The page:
Victims of a serial Dundee paedophile have spoken out after he dodged a prison sentence despite abusing them as children.
Former bakery worker Ian Lowe, 67, was ordered to perform unpaid work after being found guilty of sexual offences against two children between 1983 and 1991.
One of his victims, 48-year-old Pamela Devlin, believed Lowe should have been handed a jail term for molesting her when she was 12.
A sheriff slammed the pensioner’s “reprehensible” conduct but believed an unpaid work order would be more of a punishment than the maximum three month prison sentence which was available.
Pamela, who has waived her right to anonymity, said: “It’s just not fair on the victims.
“The judge sat there and listened to us, he knows what we were put through. He (Lowe) has already been jailed before. He’s a horrific sex offender.”
Another victim, who didn’t wish to be named, added: “We just don’t feel we have had any kind of justice here.
“We have suffered coming to court far worse than him. We were the ones who had the courage but it feels like it’s not been worth it at all.”
Lowe, of Langshaw Road, was found guilty of using lewd, indecent and libidinous practices towards Pamela between February 1 1983 and November 30 1984 by pulling her arm into a bedroom, removing her clothing and repeatedly touching and striking her buttocks.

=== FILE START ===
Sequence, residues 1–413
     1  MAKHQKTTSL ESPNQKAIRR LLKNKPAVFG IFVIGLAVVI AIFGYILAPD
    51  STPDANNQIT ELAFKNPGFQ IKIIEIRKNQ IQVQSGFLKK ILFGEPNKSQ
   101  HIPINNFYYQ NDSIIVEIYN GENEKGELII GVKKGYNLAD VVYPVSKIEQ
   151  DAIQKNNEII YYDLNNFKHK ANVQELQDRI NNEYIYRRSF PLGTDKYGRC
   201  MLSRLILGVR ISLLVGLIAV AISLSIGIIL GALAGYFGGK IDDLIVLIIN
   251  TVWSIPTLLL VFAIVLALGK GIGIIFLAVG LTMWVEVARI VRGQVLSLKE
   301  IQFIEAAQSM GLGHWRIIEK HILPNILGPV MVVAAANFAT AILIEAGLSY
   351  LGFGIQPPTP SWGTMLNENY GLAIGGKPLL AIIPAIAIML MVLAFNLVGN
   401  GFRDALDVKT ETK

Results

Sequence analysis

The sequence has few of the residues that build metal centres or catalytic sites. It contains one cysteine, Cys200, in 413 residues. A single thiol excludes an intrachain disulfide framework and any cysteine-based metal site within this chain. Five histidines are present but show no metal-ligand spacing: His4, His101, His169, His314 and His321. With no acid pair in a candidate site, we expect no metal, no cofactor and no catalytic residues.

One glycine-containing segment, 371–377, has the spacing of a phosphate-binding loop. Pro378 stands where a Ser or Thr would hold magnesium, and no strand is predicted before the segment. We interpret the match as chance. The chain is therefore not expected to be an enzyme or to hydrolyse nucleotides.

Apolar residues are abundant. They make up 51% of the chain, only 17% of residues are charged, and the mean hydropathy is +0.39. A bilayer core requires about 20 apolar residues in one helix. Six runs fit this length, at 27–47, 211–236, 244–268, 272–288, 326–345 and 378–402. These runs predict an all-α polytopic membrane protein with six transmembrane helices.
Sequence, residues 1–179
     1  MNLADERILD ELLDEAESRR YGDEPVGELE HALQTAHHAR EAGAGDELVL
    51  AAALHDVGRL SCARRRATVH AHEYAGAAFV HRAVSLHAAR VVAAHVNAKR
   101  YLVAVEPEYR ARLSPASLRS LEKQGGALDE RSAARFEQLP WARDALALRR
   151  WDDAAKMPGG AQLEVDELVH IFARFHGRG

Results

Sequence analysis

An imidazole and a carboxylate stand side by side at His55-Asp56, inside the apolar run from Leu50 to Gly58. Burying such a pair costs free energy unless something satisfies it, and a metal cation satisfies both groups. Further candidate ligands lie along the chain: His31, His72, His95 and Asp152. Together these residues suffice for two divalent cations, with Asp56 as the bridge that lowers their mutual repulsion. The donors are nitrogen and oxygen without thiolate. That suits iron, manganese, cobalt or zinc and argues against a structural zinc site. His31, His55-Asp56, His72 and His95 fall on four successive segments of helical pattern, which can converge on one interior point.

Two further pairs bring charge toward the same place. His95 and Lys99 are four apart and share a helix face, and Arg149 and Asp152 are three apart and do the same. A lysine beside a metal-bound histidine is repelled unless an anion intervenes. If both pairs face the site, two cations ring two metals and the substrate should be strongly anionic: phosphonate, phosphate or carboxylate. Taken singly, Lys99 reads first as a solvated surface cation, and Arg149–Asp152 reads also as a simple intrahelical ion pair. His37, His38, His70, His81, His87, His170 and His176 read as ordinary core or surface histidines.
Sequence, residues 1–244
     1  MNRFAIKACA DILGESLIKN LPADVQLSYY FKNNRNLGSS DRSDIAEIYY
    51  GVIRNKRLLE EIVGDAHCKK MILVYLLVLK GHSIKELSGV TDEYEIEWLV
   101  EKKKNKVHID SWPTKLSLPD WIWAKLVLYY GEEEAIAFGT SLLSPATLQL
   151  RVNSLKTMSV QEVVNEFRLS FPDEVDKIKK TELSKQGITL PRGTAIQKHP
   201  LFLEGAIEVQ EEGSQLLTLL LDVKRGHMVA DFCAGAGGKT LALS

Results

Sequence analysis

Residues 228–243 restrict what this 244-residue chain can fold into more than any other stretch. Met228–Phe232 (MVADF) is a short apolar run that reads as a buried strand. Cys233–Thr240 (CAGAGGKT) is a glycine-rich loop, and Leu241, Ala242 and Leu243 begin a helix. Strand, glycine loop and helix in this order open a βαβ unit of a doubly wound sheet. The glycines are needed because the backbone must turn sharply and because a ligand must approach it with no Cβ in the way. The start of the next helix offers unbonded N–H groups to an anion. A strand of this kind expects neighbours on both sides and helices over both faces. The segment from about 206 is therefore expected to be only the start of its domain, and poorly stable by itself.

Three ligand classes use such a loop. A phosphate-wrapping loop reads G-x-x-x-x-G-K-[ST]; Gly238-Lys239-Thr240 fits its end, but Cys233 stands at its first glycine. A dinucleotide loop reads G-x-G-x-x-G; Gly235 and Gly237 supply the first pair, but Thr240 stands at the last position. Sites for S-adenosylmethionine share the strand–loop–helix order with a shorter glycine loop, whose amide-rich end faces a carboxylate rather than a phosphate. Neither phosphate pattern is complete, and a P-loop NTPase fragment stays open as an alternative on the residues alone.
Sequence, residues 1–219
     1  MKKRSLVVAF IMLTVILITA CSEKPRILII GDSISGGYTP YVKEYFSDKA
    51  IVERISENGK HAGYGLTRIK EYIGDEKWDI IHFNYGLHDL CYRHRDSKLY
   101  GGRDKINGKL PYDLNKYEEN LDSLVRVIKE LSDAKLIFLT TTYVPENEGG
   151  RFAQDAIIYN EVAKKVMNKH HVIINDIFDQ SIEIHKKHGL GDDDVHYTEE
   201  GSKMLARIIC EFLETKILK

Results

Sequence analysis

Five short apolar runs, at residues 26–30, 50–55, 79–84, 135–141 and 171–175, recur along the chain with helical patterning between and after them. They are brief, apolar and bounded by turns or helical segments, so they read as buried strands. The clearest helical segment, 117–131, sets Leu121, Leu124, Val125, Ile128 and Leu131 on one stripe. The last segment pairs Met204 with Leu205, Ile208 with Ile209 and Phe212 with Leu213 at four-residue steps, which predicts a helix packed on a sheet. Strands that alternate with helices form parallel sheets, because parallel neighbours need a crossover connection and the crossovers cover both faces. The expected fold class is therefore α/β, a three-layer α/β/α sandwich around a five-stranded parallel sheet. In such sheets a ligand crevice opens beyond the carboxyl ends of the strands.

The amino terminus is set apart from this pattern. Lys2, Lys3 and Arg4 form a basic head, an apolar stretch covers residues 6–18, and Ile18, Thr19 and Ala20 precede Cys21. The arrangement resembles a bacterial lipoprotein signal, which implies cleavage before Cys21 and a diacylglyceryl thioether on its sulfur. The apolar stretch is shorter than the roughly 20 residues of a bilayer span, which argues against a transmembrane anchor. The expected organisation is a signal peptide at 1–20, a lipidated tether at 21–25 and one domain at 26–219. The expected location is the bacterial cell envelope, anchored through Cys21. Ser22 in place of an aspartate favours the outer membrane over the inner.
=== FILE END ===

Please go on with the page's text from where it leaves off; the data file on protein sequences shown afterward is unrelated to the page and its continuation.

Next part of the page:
The creep carried out a similar attack on another child between August 13 1990 and August 12 1991 by pulling her arm behind the counter of the bakery he worked at, kissing her on the mouth and repeatedly touching her inappropriately.
Pamela said Lowe groomed her while she worked as a paper girl, the trauma of his depraved conduct leading her to go “off the rails”.
Lowe would go on to commit a string of similar offences against children during the 80s and 90s which he was found guilty of in 2017.
Lowe was found guilty on summary complaint, meaning Sheriff Derek Reekie was only able to impose a maximum prison sentence of three months.
Defence solicitor Mike Short said Lowe continues to deny committing the attacks.
He told the court it was his belief Lowe would benefit more from a longer community-based order than a jail term.
Mr Short said: “I believe he has the ability to do unpaid work and it’s something he is willing to do. Given his health he would probably be working for much longer than a custodial sentence. That would give him a longer period of time to think about this.”
Sheriff Reekie sentenced him to 240 hours of unpaid work and placed him on a restriction of liberty order keeping him indoors between 7pm-7am for three months.
He said: “I had the misfortune to hear this trial and hear the effect your reprehensible and humiliating conduct had towards these ladies.
“Custody has to be given extremely serious consideration but I am constrained that the Crown prosecuted this on summary complaint.
“You have served 12 months for analogous type of offending at the same time so the fact of the matter is this was a course of conduct that was more extensive and significant than previously known. There is nothing I can do to undo the harm undoubtedly caused to these ladies.”
Pamela added: “All I want to do is to get more people to come forward if they’ve suffered. The only positive for victims is we’ve made friends out of this.
“We’ve been the victims but we’re stronger together.”